North Korean orphans ‘volunteering’ to work in coal mines, state media claims

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Children aged 16 or even younger are being forcibly enrolled into military-style work gangs in North Korea.

The teenagers, described as “orphans and students” are made to do 10-year stints of long hours and arduous labour, according to a US State Department report.

"Students suffered from physical and psychological injuries, malnutrition, exhaustion, and growth deficiencies as a result of required forced labour," the report said.

However, according to claims from North Korea’s state news agency KCNA, the graduates of orphan schools had "volunteered to work in difficult fields” such as construction sites and coal mines.

“Dozens of orphan children rushed out to the Chonnae Area Coal-mining Complex to fulfil their oath to repay even just a millionth of the love” the ruling communist party had showed over the years by educating them, the KCNA report claimed.

The teenagers “volunteered to work in major worksites for socialist construction out of their will to glorify their youth in the struggle for the prosperity of the country," the report went on.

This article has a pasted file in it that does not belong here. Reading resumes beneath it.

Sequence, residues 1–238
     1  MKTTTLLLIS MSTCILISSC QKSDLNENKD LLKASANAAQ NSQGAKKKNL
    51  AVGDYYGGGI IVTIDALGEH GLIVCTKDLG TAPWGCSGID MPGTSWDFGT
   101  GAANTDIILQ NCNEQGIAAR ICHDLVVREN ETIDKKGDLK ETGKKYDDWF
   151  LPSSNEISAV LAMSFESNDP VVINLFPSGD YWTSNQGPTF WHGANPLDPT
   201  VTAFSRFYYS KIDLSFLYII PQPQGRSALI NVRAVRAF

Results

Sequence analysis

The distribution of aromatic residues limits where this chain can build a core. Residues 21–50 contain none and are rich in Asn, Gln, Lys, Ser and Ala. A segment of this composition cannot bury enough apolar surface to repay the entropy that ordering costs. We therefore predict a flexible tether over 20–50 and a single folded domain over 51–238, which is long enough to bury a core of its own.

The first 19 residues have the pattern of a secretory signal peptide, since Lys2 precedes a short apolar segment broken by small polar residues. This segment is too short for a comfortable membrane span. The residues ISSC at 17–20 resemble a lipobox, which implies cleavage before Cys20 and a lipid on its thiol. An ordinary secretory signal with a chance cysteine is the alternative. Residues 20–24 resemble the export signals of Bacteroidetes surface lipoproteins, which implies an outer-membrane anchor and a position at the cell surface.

The children “with wisdom and courage in the prime of their youth, all rose up overflowing with lofty enthusiasm to volunteer to serve” at locations including the Ryongdae Youth Coal Mine in Sunchon, the Yoldusamchon Farm in Sukchon County and the Ryongrim Cooperative Farm in Mundok County, state media claimed.

While Pyongyang has shied away from confirming reports of very young children being forced to do hazardous work, official news broadcasts are full of stories of young people “in their teens and twenties” risking their lives to fight forest fires or nobly sacrificing their lives in order to save other young people “in danger”.

North Korean leader Kim Jong Un admitted in a letter to trades union leaders that the country had faced its "worst-ever difficulties" in recent years but North Korea’s national strength and prestige had been enhanced by the "ennobling loyalty and heroic struggle of the workers”.

In 2017, the United Nations Committee on the Rights of the Child said they were “seriously concerned” about North Korean “children being requested to volunteer extensive periods of their day to work on farms and in mines,” saying this “interferes with their rights to education, health, rest and leisure.”

Meanwhile, a newly-enacted "thought crime" law has claimed its first victim after a man was executed for selling pirate DVDs, while his entire family was shipped off to a work camp.

  • Kim Jong Un
  • North Korea Dprk

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